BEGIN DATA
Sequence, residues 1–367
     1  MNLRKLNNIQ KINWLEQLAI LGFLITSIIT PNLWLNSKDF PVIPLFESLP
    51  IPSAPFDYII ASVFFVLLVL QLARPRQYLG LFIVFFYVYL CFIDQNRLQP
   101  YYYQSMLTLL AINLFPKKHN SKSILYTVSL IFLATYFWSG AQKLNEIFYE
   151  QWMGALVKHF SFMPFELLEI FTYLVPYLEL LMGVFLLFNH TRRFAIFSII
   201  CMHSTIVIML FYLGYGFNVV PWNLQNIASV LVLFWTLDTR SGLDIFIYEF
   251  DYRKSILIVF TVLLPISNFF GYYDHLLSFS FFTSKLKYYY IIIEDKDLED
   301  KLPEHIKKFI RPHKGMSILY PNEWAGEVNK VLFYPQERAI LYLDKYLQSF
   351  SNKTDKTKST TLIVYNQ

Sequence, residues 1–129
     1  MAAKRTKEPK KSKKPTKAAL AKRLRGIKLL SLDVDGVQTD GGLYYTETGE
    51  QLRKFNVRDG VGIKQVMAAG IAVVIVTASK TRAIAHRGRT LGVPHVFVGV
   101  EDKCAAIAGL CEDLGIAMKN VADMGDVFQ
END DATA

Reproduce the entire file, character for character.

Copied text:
Sequence, residues 1–367
     1  MNLRKLNNIQ KINWLEQLAI LGFLITSIIT PNLWLNSKDF PVIPLFESLP
    51  IPSAPFDYII ASVFFVLLVL QLARPRQYLG LFIVFFYVYL CFIDQNRLQP
   101  YYYQSMLTLL AINLFPKKHN SKSILYTVSL IFLATYFWSG AQKLNEIFYE
   151  QWMGALVKHF SFMPFELLEI FTYLVPYLEL LMGVFLLFNH TRRFAIFSII
   201  CMHSTIVIML FYLGYGFNVV PWNLQNIASV LVLFWTLDTR SGLDIFIYEF
   251  DYRKSILIVF TVLLPISNFF GYYDHLLSFS FFTSKLKYYY IIIEDKDLED
   301  KLPEHIKKFI RPHKGMSILY PNEWAGEVNK VLFYPQERAI LYLDKYLQSF
   351  SNKTDKTKST TLIVYNQ

Sequence, residues 1–129
     1  MAAKRTKEPK KSKKPTKAAL AKRLRGIKLL SLDVDGVQTD GGLYYTETGE
    51  QLRKFNVRDG VGIKQVMAAG IAVVIVTASK TRAIAHRGRT LGVPHVFVGV
   101  EDKCAAIAGL CEDLGIAMKN VADMGDVFQ